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Darren Wharton's Renegade

Artists: Darren Wharton's Renegade

Venue: Bury, The Met

Date: 9th June 2024


"The fact everyone seemed to be thoroughly enjoying themselves was not lost on the enthusiastic crowd, who managed to provide the requisite backing vocals when needed."

 
© Dave Bott
© Dave Bott

When Darren Wharton announced a series of shows performing Thin Lizzy classics, with what is essentially the Dare line-up, I was unsure about attending. There are a host of Lizzy tribute bands doing the rounds, and we have also had various “original” versions of the band during the last thirty years or so. Being a huge Thin Lizzy fan, not to mention being a lover of all things Dare, I decided to give it a whirl.


I have visited The Met in Bury many times, but this Sunday night (despite the horrendous weather conditions) was the busiest I have ever seen it. There was no support, so the band took to the stage at 8pm and launched straight into ‘Angel Of Death’, which is the opening song on the ‘Renegade’ album; one of three featuring Darren Wharton. It was great to see Wharton use his keytar for the intro, before the song began for real. The six-piece Renegade band was completed by Vinny Burns (guitar), Nigel Clutterbuck (bass), Greg Morgan (drums), Andy Moore (guitar) and Marc Roberts (keyboards) and from the start it was obvious everyone in attendance was in store for something special. Taking in the first four or five songs at the barrier (before removing my large frame to a spot nearer the middle of the room) allowed the energy levels to wash over me, whilst trying to get some decent photos, and the ever-smiling Darren Wharton took on the role of ringmaster with ease, even taking time to ask members of the audience how the Bury name should actually be pronounced. All the songs you would expect to be played were, though it would have been great to hear some of the deeper cuts from the aforementioned ‘Renegade’, ‘Chinatown’ and ‘Thunder And Lightning’. Andy Moore and Vinny Burns made light work of the twin guitar roles, reproducing many of the solos faithfully, yet still managing to give them their own identity. Nigel Clutterbuck and Greg Morgan made a fierce rhythm section, and Marc Roberts underpinned the sound with some subtle keyboard textures. The fact everyone seemed to be thoroughly enjoying themselves was not lost on the enthusiastic crowd, who managed to provide the requisite backing vocals when needed.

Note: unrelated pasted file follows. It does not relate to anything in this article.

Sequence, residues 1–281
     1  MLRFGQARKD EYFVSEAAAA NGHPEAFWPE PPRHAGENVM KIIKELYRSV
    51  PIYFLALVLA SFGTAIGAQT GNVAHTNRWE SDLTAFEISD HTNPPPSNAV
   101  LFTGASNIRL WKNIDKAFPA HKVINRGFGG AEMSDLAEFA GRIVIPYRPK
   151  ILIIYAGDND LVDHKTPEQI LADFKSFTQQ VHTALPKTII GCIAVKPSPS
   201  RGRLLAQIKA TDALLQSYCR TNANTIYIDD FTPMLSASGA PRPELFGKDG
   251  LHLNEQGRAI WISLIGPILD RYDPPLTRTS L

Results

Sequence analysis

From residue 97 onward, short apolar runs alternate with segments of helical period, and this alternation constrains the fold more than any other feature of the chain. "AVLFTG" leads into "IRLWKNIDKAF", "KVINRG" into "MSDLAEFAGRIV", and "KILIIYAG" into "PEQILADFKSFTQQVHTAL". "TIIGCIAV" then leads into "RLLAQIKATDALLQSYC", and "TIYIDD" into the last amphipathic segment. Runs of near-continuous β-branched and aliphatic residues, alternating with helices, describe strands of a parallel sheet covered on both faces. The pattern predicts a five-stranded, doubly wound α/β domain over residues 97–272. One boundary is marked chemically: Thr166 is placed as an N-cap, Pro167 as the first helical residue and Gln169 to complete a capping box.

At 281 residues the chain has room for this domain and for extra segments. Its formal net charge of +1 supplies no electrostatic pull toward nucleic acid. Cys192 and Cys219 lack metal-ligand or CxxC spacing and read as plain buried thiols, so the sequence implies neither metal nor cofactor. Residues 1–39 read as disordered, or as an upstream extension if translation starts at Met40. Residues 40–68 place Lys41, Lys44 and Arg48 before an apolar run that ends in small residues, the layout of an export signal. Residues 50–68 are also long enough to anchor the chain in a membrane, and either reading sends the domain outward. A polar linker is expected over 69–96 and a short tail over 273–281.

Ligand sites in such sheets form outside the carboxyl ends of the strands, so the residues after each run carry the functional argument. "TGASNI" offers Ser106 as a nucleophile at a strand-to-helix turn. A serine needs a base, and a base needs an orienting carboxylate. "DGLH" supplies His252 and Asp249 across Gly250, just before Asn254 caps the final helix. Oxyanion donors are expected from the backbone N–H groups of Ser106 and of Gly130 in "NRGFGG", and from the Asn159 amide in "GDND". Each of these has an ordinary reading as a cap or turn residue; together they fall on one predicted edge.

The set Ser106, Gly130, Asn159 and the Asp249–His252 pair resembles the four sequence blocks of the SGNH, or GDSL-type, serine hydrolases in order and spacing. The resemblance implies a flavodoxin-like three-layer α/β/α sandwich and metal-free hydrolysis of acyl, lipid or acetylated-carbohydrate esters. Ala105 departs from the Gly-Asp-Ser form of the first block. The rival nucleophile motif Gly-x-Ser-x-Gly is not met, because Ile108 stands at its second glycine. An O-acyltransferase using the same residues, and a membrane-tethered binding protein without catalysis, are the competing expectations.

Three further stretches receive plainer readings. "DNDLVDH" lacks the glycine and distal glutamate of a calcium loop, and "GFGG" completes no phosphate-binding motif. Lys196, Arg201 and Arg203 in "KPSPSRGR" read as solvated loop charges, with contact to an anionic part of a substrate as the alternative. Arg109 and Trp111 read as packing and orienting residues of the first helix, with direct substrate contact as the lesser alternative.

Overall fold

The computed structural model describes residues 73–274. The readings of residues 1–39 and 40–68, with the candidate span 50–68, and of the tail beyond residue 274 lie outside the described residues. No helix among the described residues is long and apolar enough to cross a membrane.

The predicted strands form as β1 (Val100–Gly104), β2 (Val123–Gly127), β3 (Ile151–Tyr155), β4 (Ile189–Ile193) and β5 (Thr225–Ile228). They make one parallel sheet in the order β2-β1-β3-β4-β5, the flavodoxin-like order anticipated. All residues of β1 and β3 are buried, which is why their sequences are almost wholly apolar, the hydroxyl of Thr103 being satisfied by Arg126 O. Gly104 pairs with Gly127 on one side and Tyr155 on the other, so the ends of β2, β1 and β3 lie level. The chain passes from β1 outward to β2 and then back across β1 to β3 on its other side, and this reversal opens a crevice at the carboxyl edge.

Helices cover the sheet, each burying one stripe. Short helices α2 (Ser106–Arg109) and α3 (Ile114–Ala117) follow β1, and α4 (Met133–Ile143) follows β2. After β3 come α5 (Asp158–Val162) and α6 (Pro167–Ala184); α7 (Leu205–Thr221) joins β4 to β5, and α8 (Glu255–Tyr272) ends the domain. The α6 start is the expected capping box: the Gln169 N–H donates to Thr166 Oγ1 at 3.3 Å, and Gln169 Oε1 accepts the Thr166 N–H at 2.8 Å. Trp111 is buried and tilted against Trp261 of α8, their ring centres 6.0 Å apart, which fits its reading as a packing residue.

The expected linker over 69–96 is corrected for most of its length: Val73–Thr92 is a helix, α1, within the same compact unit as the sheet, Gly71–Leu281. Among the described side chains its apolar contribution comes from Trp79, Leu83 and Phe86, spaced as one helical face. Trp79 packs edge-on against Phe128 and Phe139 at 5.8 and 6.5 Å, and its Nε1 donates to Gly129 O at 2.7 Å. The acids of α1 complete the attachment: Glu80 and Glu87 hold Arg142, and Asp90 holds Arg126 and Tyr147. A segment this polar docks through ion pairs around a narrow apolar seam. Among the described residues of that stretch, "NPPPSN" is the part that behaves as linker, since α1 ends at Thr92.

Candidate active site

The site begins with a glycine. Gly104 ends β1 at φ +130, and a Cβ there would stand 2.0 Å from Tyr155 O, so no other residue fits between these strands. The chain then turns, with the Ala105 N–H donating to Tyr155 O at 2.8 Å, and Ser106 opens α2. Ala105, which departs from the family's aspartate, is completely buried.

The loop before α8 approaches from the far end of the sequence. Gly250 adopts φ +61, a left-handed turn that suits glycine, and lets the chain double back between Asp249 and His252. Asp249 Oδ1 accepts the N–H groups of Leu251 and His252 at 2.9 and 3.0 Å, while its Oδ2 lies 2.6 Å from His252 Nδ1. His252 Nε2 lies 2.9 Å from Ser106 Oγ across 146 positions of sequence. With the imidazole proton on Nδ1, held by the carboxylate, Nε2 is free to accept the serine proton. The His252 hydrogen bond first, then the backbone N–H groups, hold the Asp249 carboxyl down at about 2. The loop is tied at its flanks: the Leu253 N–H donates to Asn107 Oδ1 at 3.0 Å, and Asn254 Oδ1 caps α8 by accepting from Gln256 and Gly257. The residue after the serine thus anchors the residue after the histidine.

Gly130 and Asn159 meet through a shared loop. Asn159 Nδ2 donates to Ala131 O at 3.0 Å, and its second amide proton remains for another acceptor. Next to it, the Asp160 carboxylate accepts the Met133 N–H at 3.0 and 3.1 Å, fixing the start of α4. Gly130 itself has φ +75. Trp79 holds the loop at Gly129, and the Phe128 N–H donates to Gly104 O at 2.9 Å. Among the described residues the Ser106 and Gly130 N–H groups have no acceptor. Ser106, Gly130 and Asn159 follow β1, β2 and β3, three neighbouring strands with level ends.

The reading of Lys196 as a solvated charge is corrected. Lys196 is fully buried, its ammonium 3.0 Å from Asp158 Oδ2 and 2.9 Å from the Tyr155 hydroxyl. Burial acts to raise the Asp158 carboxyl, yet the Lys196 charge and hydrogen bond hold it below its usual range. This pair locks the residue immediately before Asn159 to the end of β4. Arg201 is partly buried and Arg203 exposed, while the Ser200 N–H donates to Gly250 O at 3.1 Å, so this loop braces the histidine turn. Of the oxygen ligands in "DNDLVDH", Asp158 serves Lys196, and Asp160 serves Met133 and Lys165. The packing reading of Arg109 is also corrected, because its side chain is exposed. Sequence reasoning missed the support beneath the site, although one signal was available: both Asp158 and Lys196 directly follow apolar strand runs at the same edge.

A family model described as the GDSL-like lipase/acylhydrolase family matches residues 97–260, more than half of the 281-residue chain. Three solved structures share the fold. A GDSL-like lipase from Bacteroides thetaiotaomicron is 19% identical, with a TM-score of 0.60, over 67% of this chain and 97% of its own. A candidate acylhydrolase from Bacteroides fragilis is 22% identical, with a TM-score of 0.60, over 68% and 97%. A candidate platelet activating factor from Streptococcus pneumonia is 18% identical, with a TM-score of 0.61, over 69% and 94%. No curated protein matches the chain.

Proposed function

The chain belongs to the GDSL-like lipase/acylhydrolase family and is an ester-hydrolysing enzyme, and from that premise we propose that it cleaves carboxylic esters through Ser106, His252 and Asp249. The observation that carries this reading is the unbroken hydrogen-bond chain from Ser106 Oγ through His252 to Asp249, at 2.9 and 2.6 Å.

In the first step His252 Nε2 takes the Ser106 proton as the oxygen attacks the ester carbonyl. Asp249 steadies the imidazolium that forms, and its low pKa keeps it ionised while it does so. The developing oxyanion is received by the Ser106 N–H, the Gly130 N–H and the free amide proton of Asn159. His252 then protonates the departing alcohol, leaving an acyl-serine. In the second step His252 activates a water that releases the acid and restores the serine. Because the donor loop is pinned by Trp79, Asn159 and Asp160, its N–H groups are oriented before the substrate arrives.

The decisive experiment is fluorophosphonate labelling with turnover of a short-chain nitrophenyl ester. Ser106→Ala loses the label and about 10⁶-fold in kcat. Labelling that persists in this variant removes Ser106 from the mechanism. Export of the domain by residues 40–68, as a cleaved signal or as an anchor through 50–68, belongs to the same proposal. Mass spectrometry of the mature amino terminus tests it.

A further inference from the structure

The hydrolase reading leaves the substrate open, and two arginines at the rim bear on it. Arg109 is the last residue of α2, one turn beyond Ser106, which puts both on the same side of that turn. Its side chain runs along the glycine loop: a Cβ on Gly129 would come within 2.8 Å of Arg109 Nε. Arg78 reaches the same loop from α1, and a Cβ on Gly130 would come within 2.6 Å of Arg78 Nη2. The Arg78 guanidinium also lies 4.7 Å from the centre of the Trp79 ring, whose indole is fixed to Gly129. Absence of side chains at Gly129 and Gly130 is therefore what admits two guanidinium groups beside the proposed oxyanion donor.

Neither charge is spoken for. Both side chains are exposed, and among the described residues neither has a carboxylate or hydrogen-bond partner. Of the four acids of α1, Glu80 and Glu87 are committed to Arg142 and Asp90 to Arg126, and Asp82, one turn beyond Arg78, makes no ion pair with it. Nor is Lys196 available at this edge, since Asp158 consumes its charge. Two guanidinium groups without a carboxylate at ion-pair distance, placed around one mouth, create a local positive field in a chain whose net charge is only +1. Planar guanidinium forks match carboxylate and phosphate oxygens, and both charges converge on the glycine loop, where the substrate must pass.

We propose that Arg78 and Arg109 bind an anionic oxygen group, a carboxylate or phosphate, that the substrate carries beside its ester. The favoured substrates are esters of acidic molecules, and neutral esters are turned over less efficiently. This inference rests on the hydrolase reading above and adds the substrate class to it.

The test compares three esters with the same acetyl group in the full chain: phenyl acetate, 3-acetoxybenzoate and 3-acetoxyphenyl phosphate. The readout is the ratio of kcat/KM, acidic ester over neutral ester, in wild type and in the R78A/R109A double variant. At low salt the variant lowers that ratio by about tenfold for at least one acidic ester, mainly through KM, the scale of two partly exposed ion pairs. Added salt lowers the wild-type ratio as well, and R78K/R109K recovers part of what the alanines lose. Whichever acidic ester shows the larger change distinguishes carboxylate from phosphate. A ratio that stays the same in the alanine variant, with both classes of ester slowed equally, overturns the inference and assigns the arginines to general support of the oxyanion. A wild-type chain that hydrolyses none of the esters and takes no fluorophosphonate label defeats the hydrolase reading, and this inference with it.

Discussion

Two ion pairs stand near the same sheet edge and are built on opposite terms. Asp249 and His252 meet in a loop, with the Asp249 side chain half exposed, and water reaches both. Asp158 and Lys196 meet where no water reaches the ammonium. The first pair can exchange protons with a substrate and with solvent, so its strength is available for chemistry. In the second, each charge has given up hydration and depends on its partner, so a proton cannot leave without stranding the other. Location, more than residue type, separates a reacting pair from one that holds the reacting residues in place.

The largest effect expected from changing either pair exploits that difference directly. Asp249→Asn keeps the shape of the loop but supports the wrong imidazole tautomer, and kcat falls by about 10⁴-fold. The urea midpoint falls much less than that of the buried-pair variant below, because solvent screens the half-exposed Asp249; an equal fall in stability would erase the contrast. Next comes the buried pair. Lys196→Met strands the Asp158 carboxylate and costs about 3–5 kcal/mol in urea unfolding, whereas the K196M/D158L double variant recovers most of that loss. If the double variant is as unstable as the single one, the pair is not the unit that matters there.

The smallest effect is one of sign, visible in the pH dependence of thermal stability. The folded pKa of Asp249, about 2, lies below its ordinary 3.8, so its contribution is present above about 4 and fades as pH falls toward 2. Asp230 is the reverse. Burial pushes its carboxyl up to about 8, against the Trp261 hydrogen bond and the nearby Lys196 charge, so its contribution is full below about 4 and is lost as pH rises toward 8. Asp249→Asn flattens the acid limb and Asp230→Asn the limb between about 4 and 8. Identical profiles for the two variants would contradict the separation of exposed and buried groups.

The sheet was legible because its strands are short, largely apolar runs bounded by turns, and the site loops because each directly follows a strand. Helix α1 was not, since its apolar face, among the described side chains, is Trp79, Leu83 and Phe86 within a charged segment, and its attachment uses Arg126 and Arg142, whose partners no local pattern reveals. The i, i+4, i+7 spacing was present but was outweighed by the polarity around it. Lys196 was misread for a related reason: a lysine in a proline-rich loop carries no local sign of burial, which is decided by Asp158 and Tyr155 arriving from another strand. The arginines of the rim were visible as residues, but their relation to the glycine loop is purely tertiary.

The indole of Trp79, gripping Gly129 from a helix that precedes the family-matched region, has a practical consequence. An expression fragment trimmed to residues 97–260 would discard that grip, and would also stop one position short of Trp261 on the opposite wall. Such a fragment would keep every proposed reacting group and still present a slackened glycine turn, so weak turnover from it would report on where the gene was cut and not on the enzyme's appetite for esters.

It would be pointless to go through the setlist song by song, as every single one will be regarded as classics by Thin Lizzy fans. It is even impossible to pick out individual highlights as the full two-hour show was one long highlight. Darren seemed to be having a great time straight from the off, and one Philip Parris Lynott could only have been looking down with a big smile on his face. As I headed out into the torrential rain, with the strains of ‘Whiskey In The Jar’ echoing from the packed room, I couldn’t help but feel I had witnessed something special. There are more shows planned for 2024, and I will be taking in at least one more. Fantastic!


 

Review & Photos: Dave Bott

 

Gallery: All photos © Dave Bott (used with kind permission)

 

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